Further examination of the Jeannette decision suggests all may not be well with the relationship between the ACO and the International Motor Sports Association. Remember, WeatherTech is the title sponsor of the U.S.-based IMSA series. IMSA’s premiere class is LMP2, and IMSA is moving rapidly to attract more car companies to participate in this class of racing. For Le Mans and the FIA World Endurance Championship series, LMP2 is for privateers. Right now, LMP1 is the only prototype class for the car companies. The ACO and the FIA want to keep it that way, forcing manufacturers to spend hundreds of millions of dollars on prototype programs. The IMSA LMP2 class allows manufacturers to race by simply developing an engine program, and being able to market their efforts for a fraction of the cost of the more sophisticated LMP1 class. The WeatherTech move could well have been a warning shot by the ACO to the IMSA execs who were attending the race in France.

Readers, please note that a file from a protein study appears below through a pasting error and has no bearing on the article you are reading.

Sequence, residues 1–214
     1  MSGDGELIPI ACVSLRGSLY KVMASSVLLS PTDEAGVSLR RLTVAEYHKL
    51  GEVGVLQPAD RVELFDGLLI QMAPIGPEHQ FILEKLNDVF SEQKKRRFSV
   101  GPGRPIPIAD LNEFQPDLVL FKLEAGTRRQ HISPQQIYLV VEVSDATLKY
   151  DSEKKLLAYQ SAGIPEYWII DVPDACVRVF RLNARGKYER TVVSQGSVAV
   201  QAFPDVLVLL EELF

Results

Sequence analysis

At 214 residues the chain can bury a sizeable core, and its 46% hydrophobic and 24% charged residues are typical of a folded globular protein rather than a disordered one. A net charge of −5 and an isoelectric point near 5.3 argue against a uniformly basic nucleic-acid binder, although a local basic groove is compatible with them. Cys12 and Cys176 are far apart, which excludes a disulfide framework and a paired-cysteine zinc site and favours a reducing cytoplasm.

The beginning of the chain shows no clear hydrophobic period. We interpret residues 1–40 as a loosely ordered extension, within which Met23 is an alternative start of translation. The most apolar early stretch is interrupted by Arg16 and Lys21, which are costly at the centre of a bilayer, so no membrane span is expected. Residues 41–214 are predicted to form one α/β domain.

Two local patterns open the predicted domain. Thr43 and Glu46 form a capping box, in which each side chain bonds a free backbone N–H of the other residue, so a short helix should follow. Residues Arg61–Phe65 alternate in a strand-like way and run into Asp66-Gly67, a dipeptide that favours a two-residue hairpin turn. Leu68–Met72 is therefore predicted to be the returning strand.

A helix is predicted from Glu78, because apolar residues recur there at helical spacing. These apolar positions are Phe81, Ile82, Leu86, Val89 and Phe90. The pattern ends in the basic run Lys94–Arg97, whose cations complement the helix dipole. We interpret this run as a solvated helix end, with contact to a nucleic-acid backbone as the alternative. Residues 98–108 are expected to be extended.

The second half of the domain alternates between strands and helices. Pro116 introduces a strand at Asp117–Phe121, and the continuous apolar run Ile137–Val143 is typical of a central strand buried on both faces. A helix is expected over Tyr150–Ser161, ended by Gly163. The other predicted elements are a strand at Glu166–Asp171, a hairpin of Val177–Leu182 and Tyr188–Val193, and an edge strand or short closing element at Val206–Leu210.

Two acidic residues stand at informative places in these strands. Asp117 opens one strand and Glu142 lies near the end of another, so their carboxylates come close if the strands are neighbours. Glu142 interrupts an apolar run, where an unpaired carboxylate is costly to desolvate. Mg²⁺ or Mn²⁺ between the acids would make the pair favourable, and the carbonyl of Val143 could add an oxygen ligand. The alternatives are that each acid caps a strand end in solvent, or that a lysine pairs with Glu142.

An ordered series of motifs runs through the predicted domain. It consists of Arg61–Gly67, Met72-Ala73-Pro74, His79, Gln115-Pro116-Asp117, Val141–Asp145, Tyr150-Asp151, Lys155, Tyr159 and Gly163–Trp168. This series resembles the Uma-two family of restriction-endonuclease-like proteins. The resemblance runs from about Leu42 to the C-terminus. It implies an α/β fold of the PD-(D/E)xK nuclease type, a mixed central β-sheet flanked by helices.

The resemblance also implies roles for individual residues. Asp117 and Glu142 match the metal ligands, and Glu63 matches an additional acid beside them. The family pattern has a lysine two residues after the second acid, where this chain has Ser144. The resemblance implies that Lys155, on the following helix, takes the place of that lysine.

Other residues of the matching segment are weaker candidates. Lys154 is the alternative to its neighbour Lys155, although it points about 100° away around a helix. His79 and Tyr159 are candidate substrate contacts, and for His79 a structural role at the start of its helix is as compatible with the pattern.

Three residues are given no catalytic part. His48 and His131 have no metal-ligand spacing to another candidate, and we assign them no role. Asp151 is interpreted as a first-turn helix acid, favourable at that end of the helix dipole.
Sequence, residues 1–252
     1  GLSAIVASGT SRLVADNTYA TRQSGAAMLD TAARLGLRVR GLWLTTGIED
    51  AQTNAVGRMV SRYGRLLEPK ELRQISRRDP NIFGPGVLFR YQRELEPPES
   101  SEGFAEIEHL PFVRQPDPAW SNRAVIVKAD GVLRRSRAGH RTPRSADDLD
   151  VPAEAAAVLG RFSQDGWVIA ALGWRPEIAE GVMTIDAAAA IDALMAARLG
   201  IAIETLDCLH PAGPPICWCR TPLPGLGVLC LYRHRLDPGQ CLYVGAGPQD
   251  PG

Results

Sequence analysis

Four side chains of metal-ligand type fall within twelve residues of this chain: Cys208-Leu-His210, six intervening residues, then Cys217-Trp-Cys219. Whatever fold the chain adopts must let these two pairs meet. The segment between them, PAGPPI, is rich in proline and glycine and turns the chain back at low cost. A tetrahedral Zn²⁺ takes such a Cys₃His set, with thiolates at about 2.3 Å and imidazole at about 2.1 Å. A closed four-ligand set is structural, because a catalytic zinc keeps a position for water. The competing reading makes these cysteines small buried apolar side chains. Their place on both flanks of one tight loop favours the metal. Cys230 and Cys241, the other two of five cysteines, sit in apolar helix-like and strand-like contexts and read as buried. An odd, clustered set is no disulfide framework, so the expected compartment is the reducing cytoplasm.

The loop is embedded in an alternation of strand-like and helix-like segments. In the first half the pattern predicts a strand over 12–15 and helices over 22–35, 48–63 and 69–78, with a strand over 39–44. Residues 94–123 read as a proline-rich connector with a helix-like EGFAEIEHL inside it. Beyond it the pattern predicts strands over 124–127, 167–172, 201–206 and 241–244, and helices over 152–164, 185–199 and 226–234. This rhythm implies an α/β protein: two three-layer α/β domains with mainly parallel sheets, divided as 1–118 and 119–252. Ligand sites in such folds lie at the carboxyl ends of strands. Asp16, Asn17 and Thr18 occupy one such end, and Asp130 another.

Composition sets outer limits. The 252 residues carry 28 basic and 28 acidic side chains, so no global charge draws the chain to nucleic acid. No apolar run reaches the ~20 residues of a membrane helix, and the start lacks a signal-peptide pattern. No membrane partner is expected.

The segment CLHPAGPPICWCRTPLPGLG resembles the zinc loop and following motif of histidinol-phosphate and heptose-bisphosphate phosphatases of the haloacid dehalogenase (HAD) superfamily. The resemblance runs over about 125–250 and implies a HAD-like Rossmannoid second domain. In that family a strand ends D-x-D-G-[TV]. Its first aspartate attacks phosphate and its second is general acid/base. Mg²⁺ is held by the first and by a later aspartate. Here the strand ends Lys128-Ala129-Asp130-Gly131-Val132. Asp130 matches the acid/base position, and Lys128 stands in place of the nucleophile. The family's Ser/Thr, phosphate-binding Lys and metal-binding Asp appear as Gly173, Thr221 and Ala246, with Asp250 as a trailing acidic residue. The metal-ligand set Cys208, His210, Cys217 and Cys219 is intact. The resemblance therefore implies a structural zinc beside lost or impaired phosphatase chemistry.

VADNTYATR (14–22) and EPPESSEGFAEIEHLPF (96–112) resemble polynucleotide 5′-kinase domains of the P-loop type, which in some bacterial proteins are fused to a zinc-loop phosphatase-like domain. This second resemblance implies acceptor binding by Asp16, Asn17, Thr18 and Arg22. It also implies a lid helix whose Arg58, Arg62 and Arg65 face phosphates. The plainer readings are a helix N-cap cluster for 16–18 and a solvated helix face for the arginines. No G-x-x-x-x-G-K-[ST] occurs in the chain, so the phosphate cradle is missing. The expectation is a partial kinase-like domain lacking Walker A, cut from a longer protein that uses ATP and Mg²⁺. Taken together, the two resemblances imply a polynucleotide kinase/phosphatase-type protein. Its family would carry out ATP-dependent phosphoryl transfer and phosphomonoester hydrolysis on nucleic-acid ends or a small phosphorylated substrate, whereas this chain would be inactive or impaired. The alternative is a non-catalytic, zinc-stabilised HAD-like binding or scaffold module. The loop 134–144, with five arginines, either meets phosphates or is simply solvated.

Moving on to happier topics, Ford winning the GTE-Pro class is a massive achievement. Several years ago, Ford’s leadership decided to return to Le Mans in 2016. It speaks volumes of the company’s ability to set a long-term plan, put all of the components in place, and execute to near perfection. It is a blueprint for other car companies on how to race at Le Mans. Likewise, congratulations must also be given to the entire Chip Ganassi race team and Multimatic for building this program from the ground up, dealing with enormous corporate expectations, and delivering the goods.
This was, of course, a rematch of the 1966 Ford/Ferrari battle. And both marques came to Le Mans with mid-engine race cars that were the best-handling and the most-slippery of all of the GT cars. The Houston based Risi Ferrari team was prepared for this battle, and it fell just short of the win. But a lot of bad blood was spilled during the closing stages of this race, which strangely reflects of rivalry between the Ford and Ferrari of 50 years ago.
The Americans protested the Italian car for it not having its leader light system (a series of small lights that displays a car’s race position) working correctly. The Ferrari squad protested the Ford for speeding through yellow-flag zones during the race.